Buckeyes Hopeful Preparation Pays Off Against Navy

By Tim Shoemaker on August 29, 2014 at 1:15p
Luke Fickell must have his troops prepared for Navy's triple option.

If you ask Ohio State co-defensive coordinator and linebackers coach Luke Fickell about the 2009 season-opener against Navy, he can almost give you a play-by-play from that game. He seems to remember it like it were yesterday.

“If you really look back at it, it was 20-7 at half and I think with about six minutes to go in the game I think it was a 17-point game, but unfortunately, we might have been a little bit too comfortable at that point in time," Fickell said Wednesday. "We got a turnover, thought we probably had it in the bag with six or so minutes to go and then we turned the ball back over, they hit a 78-yard touchdown and drove it back now and got another touchdown."

"What you realize is that the game is never over. They don’t care who they’re playing. They’re not gonna bat an eye whether it’s the Ohio State Buckeyes or the Green Bay Packers.”

Perhaps that's the reason why this year's Buckeyes and head coach Urban Meyer did something they normally don't during fall camp: They began preparing for the Midshipmen on the very first day.

“On the first day of training camp I said, ‘We’re going.’ Usually you install, install, install and then we get busy, but we started Day 1," Meyer said. "I think we have a handle on it I just think who we’re playing is really, really good at it. This is one of the better ones I’ve seen over the years as far as efficiency and production out of their quarterback I think they’re really good.”

Meyer and the fifth-ranked Buckeyes have been preparing for one of the most unique offenses in all of college football: Navy's triple-option.

The Midshipmen were second in the country last year in rushing yards per game with 325.4 and their attack is led by one of the best running quarterbacks in the game, Keenan Reynolds.

Containing Reynolds and Navy's triple-option requires preparation and an extremely disciplined defense. Having the game being played Week 1 as opposed to in the middle of the season could benefit Ohio State.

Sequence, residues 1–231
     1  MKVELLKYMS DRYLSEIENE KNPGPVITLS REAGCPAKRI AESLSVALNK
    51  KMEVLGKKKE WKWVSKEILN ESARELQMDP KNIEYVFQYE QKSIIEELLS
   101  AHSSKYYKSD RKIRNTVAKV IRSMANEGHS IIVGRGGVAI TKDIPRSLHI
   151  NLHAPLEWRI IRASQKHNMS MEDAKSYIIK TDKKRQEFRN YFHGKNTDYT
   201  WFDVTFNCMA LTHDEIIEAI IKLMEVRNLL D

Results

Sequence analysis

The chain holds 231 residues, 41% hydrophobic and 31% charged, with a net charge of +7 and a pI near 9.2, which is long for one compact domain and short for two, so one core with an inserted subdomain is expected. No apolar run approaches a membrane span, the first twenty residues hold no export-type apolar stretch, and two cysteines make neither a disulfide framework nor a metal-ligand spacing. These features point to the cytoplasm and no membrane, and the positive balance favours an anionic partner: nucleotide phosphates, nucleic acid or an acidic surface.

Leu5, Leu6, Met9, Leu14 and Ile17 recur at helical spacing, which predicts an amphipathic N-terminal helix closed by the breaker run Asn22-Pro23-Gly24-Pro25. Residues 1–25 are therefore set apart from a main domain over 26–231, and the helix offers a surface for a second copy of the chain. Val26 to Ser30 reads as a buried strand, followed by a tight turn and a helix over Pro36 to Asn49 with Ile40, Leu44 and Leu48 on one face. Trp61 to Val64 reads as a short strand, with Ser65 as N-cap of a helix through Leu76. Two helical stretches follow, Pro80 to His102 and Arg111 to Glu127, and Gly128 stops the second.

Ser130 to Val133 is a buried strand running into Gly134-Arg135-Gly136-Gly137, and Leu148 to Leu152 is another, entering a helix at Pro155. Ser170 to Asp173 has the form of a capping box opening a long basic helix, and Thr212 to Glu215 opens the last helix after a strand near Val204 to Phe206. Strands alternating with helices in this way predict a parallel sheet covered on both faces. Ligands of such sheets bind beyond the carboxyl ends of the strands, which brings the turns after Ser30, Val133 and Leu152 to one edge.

“I think the really good thing for us is we’ve had all of camp to prepare whereas you would come in in the typical game week and you’d really only have four or five days to prepare," junior linebacker Joshua Perry said. "Obviously, there are gonna be some butterflies for the first game, some jitters and guys are gonna want to make plays, but we also know as a defense you have to be selfless in this game. The D-lineman might make one tackle in this game and the Mike Linebacker running sideline to sideline might have a lot more than that, but you’ve gotta play your assignments in order to succeed.”

While Ohio State's pass defense was one of the worst in the Big Ten, its rushing defense actually ranked second only to Michigan State's. The Buckeyes allowed just more than 116 yards per game on the ground last season, but Navy's offensive rushing attack brings something totally different to the table.

“This will be a big test for how disciplined we are, how fundamentally sound we are and what kind of execution we can have," Fickell said. "Joey Bosa can tackle the fullback 25 times in the game and have zero tackles, but as long as he’s doing that then we’ll be in good shape. Sometimes you can’t look at the stats in these kinds of games because it’s guys doing their job.”

So, is there such a thing as being over-prepared for a game like this one?

“You think you've got a handle on something, but then there will be something different. As soon as you think you’ve got it then that’s when you really got a problem," Fickell said. "It’s a work in progress and I know it’s only a couple days away, but we’ll be working on the sideline in between each series and we’ve gotta stick to our guns. We’ll be fundamentally sound, we’ve gotta execute and we’ve gotta play Buckeye-style defense.”

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